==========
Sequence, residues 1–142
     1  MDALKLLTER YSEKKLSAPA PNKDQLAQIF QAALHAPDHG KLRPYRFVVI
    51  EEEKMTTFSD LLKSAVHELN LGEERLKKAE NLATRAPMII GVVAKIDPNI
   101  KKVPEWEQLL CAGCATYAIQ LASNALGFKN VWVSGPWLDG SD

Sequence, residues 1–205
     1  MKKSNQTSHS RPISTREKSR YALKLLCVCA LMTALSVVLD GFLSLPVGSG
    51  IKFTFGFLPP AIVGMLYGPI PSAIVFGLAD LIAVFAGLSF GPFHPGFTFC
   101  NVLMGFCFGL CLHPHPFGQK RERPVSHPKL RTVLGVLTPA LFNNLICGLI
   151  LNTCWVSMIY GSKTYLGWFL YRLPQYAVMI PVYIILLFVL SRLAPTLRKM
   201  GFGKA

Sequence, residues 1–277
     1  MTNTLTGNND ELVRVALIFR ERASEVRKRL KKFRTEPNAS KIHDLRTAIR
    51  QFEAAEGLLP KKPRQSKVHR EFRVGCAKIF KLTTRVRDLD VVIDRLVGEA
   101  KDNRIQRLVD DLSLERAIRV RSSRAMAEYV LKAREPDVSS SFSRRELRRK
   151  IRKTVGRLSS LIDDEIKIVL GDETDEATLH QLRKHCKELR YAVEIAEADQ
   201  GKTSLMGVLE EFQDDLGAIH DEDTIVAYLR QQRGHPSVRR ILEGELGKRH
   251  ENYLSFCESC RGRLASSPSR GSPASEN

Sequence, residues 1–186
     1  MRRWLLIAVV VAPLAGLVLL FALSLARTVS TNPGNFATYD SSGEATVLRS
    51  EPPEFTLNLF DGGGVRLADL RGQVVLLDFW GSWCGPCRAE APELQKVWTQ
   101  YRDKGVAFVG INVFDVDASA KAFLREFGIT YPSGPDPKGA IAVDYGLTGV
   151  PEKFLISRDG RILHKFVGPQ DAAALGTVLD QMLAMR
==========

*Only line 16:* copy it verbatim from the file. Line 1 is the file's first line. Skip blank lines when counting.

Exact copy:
   201  GKTSLMGVLE EFQDDLGAIH DEDTIVAYLR QQRGHPSVRR ILEGELGKRH